https://youtu.be/EIWGFQs5TNQ

Oh and by the way Don, i heard you talking to steve and the guys this morning. Sounded great.

Perry
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KK4YY
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« Reply #4 on: June 03, 2019, 04:48:17 PM »

Perry,

Thanks. Glad I was able to get above your noise floor. Grin


Don
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W3MMR
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« Reply #5 on: June 03, 2019, 09:06:30 PM »

Haha, well unfortunately it was on Steve's WebSDR. I cant copy anyone but Nick, KG2IR, and sometimes Bruce, WL7B, during the day. Oh and John W2WDX. Generally anyone past Long Island, fugetttaboutit. Nevertheless, ya sound great. You have a voice made for radio lol
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** Studio "A" - Anan 200D, Shure SM7B, AL80BX, Internal & External Processing <--> Studio "B" - Heath-Kit DX100, D-10/4, National NC-303 **
wa1mtz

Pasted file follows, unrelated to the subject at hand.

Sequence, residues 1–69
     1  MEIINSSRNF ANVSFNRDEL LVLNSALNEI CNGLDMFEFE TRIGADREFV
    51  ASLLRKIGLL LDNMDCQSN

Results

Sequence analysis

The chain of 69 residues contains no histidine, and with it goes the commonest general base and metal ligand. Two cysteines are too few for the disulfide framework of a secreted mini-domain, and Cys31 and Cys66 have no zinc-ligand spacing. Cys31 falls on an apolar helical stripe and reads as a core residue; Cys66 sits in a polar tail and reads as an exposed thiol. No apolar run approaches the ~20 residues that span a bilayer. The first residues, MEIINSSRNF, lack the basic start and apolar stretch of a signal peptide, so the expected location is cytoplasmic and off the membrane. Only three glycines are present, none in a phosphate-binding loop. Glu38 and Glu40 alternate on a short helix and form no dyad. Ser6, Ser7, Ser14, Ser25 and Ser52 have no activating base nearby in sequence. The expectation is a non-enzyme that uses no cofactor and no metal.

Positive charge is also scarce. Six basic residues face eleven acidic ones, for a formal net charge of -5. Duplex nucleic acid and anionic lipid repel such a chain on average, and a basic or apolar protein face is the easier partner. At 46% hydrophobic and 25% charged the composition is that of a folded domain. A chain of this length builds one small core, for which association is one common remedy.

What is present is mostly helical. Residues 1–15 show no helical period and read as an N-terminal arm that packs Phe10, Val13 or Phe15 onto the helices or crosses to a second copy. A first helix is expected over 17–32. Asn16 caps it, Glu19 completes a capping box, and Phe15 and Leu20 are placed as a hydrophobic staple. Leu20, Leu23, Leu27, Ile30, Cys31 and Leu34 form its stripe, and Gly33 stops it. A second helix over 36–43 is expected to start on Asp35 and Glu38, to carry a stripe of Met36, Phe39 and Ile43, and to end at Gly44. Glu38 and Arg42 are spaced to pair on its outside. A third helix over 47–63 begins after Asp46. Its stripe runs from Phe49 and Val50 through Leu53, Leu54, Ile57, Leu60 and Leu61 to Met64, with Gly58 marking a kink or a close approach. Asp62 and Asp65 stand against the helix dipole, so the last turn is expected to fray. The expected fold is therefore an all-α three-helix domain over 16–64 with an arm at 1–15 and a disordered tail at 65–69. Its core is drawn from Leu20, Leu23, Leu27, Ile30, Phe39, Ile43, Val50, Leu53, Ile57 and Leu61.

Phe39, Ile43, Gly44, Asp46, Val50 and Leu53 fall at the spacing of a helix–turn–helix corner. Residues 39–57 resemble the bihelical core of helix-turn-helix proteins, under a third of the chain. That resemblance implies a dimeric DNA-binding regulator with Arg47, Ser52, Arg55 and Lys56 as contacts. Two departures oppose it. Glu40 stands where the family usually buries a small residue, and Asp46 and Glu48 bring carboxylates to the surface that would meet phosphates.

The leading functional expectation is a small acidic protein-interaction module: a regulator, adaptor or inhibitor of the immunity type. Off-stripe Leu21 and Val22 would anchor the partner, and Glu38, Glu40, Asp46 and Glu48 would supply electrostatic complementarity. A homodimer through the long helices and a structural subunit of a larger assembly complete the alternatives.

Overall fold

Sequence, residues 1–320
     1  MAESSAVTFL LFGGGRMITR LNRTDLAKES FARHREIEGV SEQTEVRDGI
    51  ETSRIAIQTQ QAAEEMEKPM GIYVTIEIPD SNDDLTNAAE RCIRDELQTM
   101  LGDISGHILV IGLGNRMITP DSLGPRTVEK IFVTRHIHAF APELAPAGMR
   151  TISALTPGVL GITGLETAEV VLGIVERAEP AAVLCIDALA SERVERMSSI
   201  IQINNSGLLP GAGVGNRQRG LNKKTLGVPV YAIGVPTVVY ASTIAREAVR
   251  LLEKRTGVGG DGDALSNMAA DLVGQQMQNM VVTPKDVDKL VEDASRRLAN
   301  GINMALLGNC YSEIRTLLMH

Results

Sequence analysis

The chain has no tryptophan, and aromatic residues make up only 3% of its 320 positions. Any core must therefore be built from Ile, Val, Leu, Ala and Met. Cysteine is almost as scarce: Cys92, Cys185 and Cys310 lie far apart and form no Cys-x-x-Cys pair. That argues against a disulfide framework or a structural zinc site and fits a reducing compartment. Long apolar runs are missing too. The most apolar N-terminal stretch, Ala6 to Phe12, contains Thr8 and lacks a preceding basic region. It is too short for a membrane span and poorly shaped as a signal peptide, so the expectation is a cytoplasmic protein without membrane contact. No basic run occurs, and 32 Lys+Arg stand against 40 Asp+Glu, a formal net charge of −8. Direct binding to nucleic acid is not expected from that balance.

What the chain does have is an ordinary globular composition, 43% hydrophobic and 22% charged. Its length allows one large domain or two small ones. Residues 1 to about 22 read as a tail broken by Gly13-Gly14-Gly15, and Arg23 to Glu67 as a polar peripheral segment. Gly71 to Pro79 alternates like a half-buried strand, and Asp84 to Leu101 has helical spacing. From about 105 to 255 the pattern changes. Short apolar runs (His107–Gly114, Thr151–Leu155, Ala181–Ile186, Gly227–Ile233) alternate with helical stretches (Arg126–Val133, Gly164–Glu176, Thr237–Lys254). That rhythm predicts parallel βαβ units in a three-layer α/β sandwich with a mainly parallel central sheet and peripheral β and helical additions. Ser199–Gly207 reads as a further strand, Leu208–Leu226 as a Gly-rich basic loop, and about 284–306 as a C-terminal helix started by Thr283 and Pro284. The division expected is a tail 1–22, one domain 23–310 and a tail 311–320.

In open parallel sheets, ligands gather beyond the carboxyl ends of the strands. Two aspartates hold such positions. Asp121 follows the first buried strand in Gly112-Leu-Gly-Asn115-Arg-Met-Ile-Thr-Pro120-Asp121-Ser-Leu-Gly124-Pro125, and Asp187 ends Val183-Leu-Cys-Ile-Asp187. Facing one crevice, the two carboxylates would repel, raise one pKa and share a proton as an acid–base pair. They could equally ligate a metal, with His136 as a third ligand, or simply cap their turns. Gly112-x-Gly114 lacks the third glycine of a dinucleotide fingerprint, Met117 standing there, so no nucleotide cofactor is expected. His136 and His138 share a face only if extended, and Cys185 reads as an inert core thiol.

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« Reply #6 on: June 17, 2019, 12:53:32 PM »

another noise source are the mini-split a/c units I just put in a 18,000 btu Mitsubishi, had to put emi filter on the input line and another one feeding the inside unit- got the best corcom units from quest electronics. They will qrm segments of the b'cast band and hash from 1720 to 5,000 kc, the manual states the a tv set (at uhf) can be qrm'd if the antenna is close to 10' from the unit. The compressor operates at a variable frequency up to 150 cps. "inverter technology" The fujitsu units I've been driving past can qrm the car radio up to half mile.
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kb2vxa
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« Reply #7 on: July 23, 2019, 11:41:34 AM »